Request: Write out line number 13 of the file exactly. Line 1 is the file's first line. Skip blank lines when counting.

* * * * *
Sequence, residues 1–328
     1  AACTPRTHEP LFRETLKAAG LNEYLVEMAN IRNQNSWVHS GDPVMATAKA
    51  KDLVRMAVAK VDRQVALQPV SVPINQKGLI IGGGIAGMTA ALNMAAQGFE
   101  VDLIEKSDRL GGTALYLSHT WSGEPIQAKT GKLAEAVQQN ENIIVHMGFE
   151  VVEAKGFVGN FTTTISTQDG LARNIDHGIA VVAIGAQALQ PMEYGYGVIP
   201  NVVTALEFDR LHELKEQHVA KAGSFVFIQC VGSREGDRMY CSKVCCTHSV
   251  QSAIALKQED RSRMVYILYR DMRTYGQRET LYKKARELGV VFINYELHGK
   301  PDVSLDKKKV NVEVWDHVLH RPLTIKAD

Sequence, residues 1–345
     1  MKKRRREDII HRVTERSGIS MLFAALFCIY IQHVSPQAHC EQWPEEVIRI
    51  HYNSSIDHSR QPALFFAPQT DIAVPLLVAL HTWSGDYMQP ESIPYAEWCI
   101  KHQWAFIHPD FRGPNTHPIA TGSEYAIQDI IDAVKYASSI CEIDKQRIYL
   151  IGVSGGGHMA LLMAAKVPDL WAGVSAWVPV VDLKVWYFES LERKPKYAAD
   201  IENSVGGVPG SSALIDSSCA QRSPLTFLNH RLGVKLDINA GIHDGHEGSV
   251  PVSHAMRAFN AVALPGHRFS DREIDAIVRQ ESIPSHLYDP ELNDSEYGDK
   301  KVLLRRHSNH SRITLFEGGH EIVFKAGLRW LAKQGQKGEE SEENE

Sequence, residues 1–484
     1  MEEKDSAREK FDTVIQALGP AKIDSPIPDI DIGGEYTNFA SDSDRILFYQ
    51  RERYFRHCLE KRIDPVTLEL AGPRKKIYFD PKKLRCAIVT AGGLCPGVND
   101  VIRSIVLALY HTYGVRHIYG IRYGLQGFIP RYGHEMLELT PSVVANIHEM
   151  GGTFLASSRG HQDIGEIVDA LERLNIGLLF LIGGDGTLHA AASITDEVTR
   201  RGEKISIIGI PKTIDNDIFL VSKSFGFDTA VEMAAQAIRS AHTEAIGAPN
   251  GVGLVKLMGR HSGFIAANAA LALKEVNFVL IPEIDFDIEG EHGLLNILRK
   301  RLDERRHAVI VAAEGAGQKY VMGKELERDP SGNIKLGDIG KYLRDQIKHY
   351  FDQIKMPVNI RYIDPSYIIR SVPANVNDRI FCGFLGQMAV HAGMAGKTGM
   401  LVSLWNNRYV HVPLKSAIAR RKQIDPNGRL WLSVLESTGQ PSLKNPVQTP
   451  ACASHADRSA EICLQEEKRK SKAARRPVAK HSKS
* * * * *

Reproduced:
   151  IGVSGGGHMA LLMAAKVPDL WAGVSAWVPV VDLKVWYFES LERKPKYAAD